A month ago, I went to the “Tokyo Motor Show.” My brother in L.A. had informed me of this event a month before so I thought I might as well go check it out. Besides, my family and I are fans of Japanese cars and I thought it would be cool for me to find out firsthand from the source what new models of cars will eventually be hitting the States. I think my brother wanted me to go in his place also to see what the new Infiniti G35 would look like so he can decide if we should wait for the new model or buy the current year’s model. It’s always exciting when our family buys a new car but for once, it’s not exciting for me because I won’t be there to drive the new car =( Nevertheless, after 2 hours of train ride and about $13 bucks of train fare, my friends and I arrived at the car show.
I was looking forward to seeing prototype cars or really fast sports cars but when we entered the first convention hall of three, we were pleasantly surprised to see buses, and trucks, and not pick up trucks, but those giant freight trucks. We looked at each other and thought, OK, cool, lets check it out, and we’ll work our way to the zoom zoom cars. Apparently, we were looking at the next generation of buses and how handicap or elderly accessible they are. It was intereting to see how many Japanese people were very eager to go inside these buses to take a look. There were many long lines forming but I didn’t have the patience or the interest to wait with them. I really wanted to know what excites them about entering a bus! Some people even went as far as getting on their backs and sliding their head and torso under the truck. From my point of view walking by, I thought they got run over!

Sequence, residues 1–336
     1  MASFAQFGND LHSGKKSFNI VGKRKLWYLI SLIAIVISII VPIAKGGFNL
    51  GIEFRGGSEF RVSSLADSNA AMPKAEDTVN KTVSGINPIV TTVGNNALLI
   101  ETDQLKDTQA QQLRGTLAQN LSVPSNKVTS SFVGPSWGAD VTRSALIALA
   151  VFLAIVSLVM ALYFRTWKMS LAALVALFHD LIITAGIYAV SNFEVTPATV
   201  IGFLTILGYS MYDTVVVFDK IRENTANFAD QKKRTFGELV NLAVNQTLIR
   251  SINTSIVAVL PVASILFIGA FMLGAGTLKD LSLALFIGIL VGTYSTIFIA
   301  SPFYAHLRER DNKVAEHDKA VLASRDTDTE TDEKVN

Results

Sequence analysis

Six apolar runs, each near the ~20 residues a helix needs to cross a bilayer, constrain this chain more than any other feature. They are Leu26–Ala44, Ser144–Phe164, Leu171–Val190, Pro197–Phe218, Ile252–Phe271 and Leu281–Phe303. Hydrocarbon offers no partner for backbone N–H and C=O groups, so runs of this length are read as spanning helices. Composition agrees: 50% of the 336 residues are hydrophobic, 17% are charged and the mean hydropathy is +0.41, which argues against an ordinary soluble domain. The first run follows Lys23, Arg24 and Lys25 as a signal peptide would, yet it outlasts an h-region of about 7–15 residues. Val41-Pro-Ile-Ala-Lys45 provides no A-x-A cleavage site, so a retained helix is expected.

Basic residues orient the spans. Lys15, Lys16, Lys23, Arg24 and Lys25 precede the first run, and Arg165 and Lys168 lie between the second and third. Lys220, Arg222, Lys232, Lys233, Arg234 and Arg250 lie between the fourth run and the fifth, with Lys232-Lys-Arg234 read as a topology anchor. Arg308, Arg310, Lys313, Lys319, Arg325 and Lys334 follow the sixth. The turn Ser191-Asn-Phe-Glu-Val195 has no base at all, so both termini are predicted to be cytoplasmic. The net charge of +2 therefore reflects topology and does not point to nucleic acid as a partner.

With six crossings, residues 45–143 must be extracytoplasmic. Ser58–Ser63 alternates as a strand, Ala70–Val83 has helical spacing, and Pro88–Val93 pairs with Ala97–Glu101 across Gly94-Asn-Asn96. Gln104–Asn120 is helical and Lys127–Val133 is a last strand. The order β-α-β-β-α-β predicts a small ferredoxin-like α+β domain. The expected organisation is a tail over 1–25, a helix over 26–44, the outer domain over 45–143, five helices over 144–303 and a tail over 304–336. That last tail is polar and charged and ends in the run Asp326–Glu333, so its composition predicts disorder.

As we entered the second and the third convention hall, it soon became reality that the motor show we came to was not the Vroom Vroom type of car shows we were expecting. It was all buses, trucks, cars or vans that were wheelchair accessible. How did we not realize this earlier? How were we to know this type of “Motor Show” was this?? Then we looked at the fine print on our ticket and the signs saying “Tokyo Motor Show” and below it, in small prints, it says, “Commercial and Barrier-Free Vehicles.” Even from that, I wouldn’t guess right away it wasn’t the car show I expected. But after seeing the show and looking at the fine prints and thinking about it, It does make sense if you make some educational implication and inductions. I guess it wouldn’t sound very politically correct or very nice at all if the fine print read “Buses, trucks and cars for handicaps!” Yes, I was a little disaappointed but for very good reasons, we still had an fun time and took many pictures. No, I didn’t take much pictures of the buses or trucks but rather the ladies standing next to them. OH yes, they had SHOWGIRLS!!! When I went to a car show in Taiwan, it was the same deal, showgirls! It must be an Asian car show thing. I think America should adopt that same philosophy. I’m sure they would attract twice as much visitors! They even had showgirls for car parts and tires. What did they have to do with car parts or tires? No Clue! But the companies that have showgirls gets more attention than those that don’t. Good business strategy. The many camera flashes going off sure wasn’t aimed at the vehicles or the car parts that’s for sure!
Pics from the “Motor Show”